Children Score Higher on Tests When Child Care Meets Professional Standards

By Sharon Keeler
UNH News Bureau


Editors, News Directors:
This news release is meant to accompany one you may be receiving from the National Institute of Child Health and Human Development (NICHD). You can reach University of New Hampshire Professor Kathleen McCartney at 603-862-3168. For copies of the study, please contact Sharon Keeler at 603-862-1566.

DURHAM, N.H. -- Children attending child care centers that meet professional standards for quality score higher on school readiness and language tests, and have fewer behavioral problems, than their peers in centers not meeting such standards, according to a study appearing in the July issue of the "American Journal of Public Health."

The study, the largest, most comprehensive of its kind to date, was conducted by researchers affiliated with the National Institute of Child Health and Human Development (NICHD) Study on Early Child Care. The study, initiated by NICHD and conducted by investigators at the institute and at 14 universities, has involved more than 1,300 families and their children from 10 locations throughout the United States.

Each state has authored its own set of child care regulations. Because these vary considerably from state to state, the authors, including University of New Hampshire Professor of Psychology and Family Studies Kathleen McCartney, looked to professional guidelines established in 1992 by the American Public Health Association and the American Academy of Pediatrics. Specifically, the guidelines recommend child/staff ratios (3:1 for infants, 4:1 for two-year olds, 7:1 for three-year olds), group sizes ( 6 infants, 8 two-year olds, 14 three-year olds), and teacher training specifications (some post-secondary training in child development and early childhood education or a related field).

Results from the NICHD study show that the average school readiness percentile scores for children in classes meeting none of the recommendations was 36 (14 percentiles below the norm of 50), versus 52 for children in classes meeting all the guidelines.

For language comprehension, McCartney notes that children who attended child care facilities not meeting any recommended standards achieved lower-than-average scores (96, when the norm is 100). Meeting all of the guidelines was associated with above-average scores (105).

Mothers whose children attended the facilities that did not meet the guidelines rated their children as having more behavioral problems than did mothers whose children attended facilities that met all the guidelines.

The researchers also looked at each guideline individually to determine its effect on children's development. The study found that children fared better when child-staff ratios were lower, and also when teachers had more training and education. For example, children in centers where caregivers met the standards for education scored in the 51st percentile (above average) on school readiness, while children in centers where caregivers did not meet these standards scored in the 39th percentile.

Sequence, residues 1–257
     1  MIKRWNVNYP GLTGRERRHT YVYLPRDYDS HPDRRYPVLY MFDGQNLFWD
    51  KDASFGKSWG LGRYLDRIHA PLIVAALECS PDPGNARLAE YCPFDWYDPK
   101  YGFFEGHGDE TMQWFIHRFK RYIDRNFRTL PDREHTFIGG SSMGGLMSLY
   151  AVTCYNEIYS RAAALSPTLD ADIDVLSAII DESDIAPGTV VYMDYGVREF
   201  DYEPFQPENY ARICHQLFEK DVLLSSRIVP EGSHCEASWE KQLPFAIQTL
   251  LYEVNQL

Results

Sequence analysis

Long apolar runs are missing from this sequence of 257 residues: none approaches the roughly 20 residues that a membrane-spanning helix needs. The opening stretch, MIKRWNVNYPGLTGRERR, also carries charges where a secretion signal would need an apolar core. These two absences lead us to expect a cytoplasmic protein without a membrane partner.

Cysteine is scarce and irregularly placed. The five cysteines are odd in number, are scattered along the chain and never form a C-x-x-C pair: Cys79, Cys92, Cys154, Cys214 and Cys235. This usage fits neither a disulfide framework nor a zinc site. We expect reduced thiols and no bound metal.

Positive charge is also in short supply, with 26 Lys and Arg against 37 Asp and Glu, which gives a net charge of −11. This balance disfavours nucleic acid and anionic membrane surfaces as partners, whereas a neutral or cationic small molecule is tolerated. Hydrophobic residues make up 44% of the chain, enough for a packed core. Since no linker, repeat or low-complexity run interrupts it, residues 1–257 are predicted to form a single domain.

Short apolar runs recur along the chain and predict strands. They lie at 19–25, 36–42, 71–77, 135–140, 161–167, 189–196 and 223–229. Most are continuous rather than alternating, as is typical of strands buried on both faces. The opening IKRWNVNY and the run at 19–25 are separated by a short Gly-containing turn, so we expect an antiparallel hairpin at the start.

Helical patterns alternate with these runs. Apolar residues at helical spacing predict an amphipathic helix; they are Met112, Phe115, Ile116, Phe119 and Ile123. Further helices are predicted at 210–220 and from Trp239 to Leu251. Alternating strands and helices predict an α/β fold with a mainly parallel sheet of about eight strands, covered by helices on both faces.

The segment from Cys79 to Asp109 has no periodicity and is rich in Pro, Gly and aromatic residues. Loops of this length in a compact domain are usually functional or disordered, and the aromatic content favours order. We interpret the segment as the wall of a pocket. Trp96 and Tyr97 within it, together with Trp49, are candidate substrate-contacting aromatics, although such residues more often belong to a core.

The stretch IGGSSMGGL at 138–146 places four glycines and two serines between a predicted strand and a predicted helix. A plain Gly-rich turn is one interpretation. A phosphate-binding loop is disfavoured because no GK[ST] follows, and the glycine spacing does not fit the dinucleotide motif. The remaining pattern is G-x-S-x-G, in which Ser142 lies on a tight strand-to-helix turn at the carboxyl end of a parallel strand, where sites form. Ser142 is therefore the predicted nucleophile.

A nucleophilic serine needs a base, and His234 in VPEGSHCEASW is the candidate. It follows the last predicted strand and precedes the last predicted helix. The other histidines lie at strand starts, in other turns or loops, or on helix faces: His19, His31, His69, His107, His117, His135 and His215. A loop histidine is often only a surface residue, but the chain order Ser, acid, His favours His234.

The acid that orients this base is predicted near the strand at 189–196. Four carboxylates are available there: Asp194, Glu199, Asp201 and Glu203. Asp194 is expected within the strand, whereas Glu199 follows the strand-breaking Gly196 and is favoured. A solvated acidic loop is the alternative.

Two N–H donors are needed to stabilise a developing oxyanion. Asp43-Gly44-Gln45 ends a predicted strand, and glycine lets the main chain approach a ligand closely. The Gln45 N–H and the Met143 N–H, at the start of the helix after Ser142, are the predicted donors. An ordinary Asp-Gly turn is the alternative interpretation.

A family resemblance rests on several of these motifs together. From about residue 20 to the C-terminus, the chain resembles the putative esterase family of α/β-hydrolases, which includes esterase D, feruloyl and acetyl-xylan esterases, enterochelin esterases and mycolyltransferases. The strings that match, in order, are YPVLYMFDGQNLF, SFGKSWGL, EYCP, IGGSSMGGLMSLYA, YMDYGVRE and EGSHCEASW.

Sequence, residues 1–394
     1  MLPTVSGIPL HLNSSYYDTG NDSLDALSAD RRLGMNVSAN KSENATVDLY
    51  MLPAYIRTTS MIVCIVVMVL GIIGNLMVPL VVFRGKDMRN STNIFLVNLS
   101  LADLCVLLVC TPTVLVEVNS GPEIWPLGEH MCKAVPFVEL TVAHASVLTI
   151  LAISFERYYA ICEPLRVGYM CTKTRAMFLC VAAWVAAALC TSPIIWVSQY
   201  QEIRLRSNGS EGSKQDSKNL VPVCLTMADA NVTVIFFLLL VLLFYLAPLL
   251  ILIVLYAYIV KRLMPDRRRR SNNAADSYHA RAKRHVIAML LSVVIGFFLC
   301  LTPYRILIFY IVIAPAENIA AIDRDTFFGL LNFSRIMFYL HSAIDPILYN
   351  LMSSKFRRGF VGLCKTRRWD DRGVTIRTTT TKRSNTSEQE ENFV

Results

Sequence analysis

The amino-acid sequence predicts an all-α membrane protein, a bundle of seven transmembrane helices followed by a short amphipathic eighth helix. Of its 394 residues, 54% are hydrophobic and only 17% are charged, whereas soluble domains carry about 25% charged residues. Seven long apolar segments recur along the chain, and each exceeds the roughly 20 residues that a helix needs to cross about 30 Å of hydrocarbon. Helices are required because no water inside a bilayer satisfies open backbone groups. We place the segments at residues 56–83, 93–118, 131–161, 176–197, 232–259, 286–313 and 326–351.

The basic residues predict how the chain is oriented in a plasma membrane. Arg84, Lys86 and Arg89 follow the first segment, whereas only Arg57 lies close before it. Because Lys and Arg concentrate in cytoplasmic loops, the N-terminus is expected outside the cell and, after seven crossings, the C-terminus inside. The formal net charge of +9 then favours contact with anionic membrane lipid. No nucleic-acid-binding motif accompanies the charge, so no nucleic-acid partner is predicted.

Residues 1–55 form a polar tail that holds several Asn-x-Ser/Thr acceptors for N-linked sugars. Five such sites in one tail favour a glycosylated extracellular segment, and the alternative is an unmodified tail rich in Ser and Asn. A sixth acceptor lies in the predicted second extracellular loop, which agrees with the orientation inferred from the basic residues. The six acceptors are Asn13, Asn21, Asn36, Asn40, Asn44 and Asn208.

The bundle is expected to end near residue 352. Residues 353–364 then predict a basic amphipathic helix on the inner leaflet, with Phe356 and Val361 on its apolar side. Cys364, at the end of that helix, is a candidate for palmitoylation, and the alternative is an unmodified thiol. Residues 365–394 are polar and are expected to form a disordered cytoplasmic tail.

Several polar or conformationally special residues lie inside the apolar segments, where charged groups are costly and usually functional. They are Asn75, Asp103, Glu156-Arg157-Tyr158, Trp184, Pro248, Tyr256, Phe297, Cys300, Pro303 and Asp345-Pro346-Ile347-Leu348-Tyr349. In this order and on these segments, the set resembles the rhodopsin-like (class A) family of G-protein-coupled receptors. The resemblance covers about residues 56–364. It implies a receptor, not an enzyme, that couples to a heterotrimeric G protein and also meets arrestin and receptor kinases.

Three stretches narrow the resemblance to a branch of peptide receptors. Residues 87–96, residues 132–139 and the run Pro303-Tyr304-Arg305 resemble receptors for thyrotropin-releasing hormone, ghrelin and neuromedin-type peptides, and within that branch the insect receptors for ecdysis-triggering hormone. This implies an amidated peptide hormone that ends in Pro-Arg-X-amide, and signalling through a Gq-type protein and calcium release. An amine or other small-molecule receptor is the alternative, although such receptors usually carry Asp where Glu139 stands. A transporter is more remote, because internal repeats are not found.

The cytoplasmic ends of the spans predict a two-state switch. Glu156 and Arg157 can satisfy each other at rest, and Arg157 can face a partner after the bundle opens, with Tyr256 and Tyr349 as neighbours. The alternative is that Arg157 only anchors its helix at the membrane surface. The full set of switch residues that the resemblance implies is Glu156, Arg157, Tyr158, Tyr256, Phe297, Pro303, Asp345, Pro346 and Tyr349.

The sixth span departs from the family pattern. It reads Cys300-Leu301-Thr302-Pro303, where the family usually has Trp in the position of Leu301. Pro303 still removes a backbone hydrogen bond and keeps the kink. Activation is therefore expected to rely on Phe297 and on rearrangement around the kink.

"The failure of many states to impose stringent standards, and the failure of many centers to meet such standards, may be undermining children's development," says McCartney.

Most of the child care settings studied, she says, did not meet all the standards. Compliance ranged from 10 percent for infant classrooms, to 34 percent for 3-year olds. Of the 50 sets of state child care regulations, only four were found to meet the recommended child/staff ratio for infants -- California, Kansas, Maryland and Massachusetts. In addition, only nine met the teacher training standards for infants.

"Our data show that the standards established by the American Public Health Association and the American Academy of Pediatrics matter -- children do better when they attend centers that meet these standards," says McCartney. "In my opinion, all states should be encouraged to adopt these standards."

McCartney adds that the study provides new and important data for those concerned with providing quality child care.

"In our previous work, we've drawn associations between standards (staff/child ratios and teacher education, for example) and observed quality. We also drew associations between observed quality and developmental outcomes of children," says McCartney. "What this current study provides is a connecting piece for policy makers, because it links things that can be regulated with developmental outcomes for children."

Few prior studies have examined the effects of child care standards on children's development. The NICHD study examined a greater number of centers and observed a greater number of children than did these previous studies.

The researchers studied 250 children in center care who were enrolled in the study when they were 1 month of age and observed through 36 months of age. These children are part of a larger group of 1,216 children who have been studied by the NICHD research team since 1991. The children in the study are currently in second grade and investigators plan to follow them as they grow older.

July 1, 1999


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